From sending schools to career and technical centers: Race- and language-neutral policies as barriers for emergent bilingual students
Mark Emerick

About the research


NAEd/Spencer Postdoctoral Fellowship

Award Year



Vassar College

Primary Discipline

Second Language Learning/Bilingual Education
Despite decades of research and advocacy, emergent bilingual students (EBs) continue to experience marginalization and limited opportunity to learn in U.S. secondary schools. As a result, some researchers have considered the potential of career and technical education (CTE) as a pathway for EBs to achieve college and career readiness, even as they are underrepresented in CTE programs. To gain insight into EBs' under-enrollment in CTE, this study examines how school-level policies and the practices of school leaders, counselors, and teachers along the CTE enrollment pathway may contribute to these disparities. Engaging in a 9-month ethnographic study, I will (a) examine official and de facto school policies regarding CTE enrollment, (b) document counseling practices and how these practices affect EBs? opportunities for college and career readiness, and (c) consider the ways in which EBs draw on social, familial, and navigational capital to negotiate these complex educational systems in pursuit of their career and life goals. The study will challenge inequitable structures and advising practices that limit EBs? access to CTE, center the rich narratives of students who decide to pursue CTE programs during high school, and provide insights for school-level interventions and equitable career counseling practices for EB youth.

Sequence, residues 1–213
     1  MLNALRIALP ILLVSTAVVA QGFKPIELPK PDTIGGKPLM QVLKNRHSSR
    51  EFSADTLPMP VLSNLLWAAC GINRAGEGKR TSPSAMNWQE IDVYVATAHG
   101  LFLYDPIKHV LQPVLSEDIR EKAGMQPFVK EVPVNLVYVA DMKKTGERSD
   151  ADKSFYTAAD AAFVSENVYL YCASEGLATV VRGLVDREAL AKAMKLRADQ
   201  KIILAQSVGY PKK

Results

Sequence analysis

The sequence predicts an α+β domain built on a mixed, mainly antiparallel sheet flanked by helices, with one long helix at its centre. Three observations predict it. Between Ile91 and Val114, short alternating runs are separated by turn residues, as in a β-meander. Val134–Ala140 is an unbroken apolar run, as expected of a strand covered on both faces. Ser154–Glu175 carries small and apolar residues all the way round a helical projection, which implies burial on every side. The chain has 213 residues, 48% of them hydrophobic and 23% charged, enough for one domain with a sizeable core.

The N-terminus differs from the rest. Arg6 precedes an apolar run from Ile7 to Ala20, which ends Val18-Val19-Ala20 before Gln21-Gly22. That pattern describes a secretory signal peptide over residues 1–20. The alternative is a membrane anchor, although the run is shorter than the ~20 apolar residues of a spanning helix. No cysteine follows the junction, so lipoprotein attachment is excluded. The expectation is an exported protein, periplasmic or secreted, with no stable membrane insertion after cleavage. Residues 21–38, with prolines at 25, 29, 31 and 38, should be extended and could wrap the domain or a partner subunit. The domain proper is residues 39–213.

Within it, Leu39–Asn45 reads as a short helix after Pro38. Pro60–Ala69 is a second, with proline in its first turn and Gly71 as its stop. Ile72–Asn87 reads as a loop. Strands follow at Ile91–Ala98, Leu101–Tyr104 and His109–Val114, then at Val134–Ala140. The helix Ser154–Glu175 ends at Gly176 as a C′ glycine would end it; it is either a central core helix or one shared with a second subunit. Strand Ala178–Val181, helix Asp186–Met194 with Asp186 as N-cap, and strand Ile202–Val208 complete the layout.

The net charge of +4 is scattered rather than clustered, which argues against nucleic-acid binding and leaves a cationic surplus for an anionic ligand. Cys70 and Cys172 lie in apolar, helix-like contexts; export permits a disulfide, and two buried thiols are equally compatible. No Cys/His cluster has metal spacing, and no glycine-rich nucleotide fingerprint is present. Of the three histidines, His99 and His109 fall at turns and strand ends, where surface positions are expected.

About Mark Emerick
Mark R. Emerick is an assistant professor of education at Muhlenberg College in Allentown, Pennsylvania. A first-generation college student, he earned his B.A. in English and M.Ed. in curriculum and instruction from Kutztown University of Pennsylvania and his Ph.D. in applied linguistics from Temple University. Broadly, Dr. Emerick?s research draws on critical race theory to examine how language and identity affect equitable access to educational opportunities for emergent bilingual students in U.S. schools. In particular, he has focused on the potential of career and technical education as a pathway for emergent bilinguals to attain college and career readiness, the racialized and linguistic ideologies that influence conceptualizations of college and career readiness, and how attitudes about language influence local-level policies in career and technical education centers. His research has appeared in Anthropology and Education Quarterly and Educational Administration Quarterly. Prior to pursuing an academic career, Mark was a middle and high school ESL teacher. At Muhlenberg, he teaches courses in TESOL, social foundations of education, and sociolinguistics.

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